There is nothing more magical than that moment between DJ and partygoer. I do not know if anyone else was at Wireless Festival in 2018, on one of those summer days when we ate too little and drank too much, and found ourselves in that sweaty tent modeled like some magical forest, where my friend Yas was DJing with no headphones to mix – a miracle in itself – and she was playing cuts designed to get people moving. And people were moving but it was slow work in the heat. That is until she began to tease a distant melody, a few chords creeping through the mud of percussion.
I could not tell you what song was playing at that moment; my attention was taken by the young man, his shirt swinging open with just one or two buttons done up, who, on recognizing the track, feeling it deep in his soul, left the wall he had been holding up with his shoulders and made his way into the center of the dance floor. His eyes were closed, hand raised in reverence for the DJ.
Yas let the track build; she let others be led to the floor by this lone dancer. By the time “Gabriel” by Roy Davis Jr. dropped, there were whoops and cheers; a chorus of voices was singing along. There was movement. Sometimes I think this is all it takes: for one person to ask another, “Do you know this track? And if not, do you know this feeling? ”
The last time I had heard that track was in a basement, somewhere in Hackney, at a Boiler Room gig in 2015. I, too early, too eager, had stood outside with a stranger, waiting to be let into the venue. By the time we were inside, we had already begun to gently rib and tease, in the way that two people feeling each other out will do. By the time the second DJ started playing, we were friends.
Between sets, we spoke quickly, urgently, about what it might mean to express yourself not as a want but as a need. We spoke about what it might mean to submit to the DJ’s wants and wills, to let sound reach deep into you, to move.
To be free, for the time it takes for the bass to seep into the track being teased, or that pause when the music breaks and there’s so much space, or for something unfamiliar to morph into something known.
That night, that something known was “Gabriel”. As those chords began to play, my new friend smiled at me and said that if I really wanted to enjoy myself, I was going to need to loosen my hips, warm up a little. I listened to her instruction and let the drums settle somewhere in my chest, somewhere they were not just being heard, but felt. So maybe the magic does not just exist between DJ and partygoer, but between us all, entering those brief spaces where music pauses and breaks, aware we are in the presence of something magical.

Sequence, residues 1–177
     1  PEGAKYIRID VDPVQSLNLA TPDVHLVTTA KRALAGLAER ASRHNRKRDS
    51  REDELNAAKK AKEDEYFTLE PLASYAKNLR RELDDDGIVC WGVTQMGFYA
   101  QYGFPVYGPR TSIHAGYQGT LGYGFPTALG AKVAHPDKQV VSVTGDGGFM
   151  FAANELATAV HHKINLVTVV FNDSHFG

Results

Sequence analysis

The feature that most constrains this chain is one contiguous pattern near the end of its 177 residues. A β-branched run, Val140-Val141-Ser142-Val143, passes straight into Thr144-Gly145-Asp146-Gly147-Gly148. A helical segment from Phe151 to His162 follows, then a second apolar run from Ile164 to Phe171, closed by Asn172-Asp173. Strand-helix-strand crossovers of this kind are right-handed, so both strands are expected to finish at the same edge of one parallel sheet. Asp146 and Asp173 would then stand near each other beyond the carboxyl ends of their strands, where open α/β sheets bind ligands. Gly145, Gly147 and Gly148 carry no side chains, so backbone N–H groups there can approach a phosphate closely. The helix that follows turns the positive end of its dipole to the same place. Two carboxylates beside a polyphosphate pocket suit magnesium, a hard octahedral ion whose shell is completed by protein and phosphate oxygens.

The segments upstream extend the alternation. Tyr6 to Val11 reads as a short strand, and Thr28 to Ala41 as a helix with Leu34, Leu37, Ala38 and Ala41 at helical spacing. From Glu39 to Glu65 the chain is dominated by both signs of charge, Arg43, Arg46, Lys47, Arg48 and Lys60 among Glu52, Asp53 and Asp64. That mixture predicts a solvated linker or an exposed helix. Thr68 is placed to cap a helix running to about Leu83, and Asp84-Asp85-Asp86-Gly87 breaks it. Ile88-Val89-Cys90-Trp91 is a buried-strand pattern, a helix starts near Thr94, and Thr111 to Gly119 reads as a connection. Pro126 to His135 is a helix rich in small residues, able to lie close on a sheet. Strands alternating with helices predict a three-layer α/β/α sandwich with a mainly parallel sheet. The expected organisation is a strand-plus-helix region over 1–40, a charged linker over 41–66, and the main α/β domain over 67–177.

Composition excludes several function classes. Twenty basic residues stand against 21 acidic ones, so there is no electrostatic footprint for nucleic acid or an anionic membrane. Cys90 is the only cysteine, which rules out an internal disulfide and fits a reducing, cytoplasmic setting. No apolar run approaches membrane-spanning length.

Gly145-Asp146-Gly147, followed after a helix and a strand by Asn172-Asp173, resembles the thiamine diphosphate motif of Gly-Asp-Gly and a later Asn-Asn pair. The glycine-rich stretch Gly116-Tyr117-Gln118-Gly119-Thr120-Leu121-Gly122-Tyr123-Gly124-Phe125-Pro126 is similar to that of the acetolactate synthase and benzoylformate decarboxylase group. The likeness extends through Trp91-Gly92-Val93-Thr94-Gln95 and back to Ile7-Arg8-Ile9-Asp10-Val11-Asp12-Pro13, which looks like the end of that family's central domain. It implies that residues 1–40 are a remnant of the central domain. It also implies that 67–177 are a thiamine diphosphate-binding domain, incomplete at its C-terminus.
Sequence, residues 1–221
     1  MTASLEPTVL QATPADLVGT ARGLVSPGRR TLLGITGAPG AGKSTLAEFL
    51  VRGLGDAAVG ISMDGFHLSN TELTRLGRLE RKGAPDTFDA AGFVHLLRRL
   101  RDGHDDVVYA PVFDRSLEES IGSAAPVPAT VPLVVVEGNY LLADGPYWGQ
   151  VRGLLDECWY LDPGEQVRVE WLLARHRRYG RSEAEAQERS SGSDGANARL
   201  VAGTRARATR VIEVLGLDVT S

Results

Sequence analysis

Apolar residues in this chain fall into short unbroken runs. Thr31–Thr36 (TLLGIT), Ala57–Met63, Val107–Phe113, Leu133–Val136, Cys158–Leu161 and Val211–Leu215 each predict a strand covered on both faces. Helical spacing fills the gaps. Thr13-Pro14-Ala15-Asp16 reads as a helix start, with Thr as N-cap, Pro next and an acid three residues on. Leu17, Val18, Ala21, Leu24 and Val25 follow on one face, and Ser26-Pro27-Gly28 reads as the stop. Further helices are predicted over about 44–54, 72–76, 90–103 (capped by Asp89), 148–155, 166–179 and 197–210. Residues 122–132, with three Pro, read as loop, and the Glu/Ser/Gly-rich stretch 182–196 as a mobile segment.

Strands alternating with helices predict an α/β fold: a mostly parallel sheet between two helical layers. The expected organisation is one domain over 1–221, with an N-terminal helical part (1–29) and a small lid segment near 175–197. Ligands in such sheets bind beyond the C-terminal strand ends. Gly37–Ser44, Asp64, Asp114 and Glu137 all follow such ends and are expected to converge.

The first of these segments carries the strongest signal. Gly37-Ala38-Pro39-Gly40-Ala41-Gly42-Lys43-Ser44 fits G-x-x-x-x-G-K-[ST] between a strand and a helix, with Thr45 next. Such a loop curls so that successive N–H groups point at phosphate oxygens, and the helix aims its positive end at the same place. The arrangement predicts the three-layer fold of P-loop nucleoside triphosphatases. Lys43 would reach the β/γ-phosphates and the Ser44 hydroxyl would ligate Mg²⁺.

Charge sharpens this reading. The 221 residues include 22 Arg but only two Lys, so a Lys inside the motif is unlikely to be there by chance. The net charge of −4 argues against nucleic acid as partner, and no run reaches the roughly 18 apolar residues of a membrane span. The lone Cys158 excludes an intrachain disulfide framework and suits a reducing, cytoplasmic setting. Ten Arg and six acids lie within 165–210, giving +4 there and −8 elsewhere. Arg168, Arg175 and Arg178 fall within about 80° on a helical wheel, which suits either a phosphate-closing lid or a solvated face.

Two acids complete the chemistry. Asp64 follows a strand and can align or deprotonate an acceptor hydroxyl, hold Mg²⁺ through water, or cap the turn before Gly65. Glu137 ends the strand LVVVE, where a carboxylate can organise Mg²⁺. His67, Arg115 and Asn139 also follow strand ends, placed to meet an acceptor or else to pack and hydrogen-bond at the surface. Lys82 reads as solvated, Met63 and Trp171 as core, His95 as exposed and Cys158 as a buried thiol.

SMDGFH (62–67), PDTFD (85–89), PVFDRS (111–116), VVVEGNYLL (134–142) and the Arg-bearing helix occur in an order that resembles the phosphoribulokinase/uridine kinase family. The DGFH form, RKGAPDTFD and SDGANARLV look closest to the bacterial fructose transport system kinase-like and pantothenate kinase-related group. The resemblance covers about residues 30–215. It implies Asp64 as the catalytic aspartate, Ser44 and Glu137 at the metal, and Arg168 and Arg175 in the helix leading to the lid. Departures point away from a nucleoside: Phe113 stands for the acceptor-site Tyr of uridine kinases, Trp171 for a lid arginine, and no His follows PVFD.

It had been so long since anyone, friend or stranger, had insisted I dance that I was surprised at a party in December to feel a hand on my shoulder, the other hand sliding into mine, tender yet firm: “I’ve been asked to bring you to the dance floor. ” I could feel the excuses tumbling from my mouth. I told her I was going soon, that she had maybe 10 minutes of dancing from me. She shrugged and said, “Ten minutes is better than nothing.”
Maybe she assumed I was not much of a dancer, but it’s not that. I love to dance, I love to move, but when I aim for grace it often comes out as lumbering.
Given the right conditions and a little persuasion though, I will let go. I will, as I did then, allow myself to be led towards the dance floor. I will listen as the DJ plays a song from a specific moment in our lives – that song, from that night in 2018 when summer sweltered and we ate too little, drank too much.
I will submit to that magic of the transition, the anticipation that comes when the DJ teases a track, bringing it in slowly, until the music overwhelms the body. I will whoop and cheer, I will become chorus, I will become space. I will, with each movement, ask the person in front of me: do you know this track? And if not, do you know this feeling?
Caleb Azumah Nelson’s novel “Open Water” will be published in paperback on February 3; it is the winner of this year’s Costa First Novel Award
This story is part of the FT Magazine package “Tales from the Dancefloor”, featuring the work of selected photographers, Rosa Lyster on the best fictional parties – and six FT writers remembering the best party they ever attended